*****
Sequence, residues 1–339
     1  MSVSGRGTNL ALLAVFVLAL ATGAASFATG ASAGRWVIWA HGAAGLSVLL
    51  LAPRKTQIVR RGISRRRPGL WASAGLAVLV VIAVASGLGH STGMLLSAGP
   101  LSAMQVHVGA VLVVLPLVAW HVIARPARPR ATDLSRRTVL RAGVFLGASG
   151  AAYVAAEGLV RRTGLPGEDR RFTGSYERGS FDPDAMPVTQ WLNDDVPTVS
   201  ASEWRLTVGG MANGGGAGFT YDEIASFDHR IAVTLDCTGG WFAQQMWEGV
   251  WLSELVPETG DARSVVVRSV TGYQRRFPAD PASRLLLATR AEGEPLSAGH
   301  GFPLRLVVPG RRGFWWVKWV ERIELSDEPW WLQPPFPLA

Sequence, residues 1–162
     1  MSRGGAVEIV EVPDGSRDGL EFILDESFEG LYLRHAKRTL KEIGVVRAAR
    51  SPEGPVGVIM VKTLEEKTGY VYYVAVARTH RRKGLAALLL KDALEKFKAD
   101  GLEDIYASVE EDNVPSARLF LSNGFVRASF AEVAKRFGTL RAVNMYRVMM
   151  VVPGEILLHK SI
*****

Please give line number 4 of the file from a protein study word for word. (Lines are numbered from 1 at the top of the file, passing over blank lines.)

   101  LSAMQVHVGA VLVVLPLVAW HVIARPARPR ATDLSRRTVL RAGVFLGASG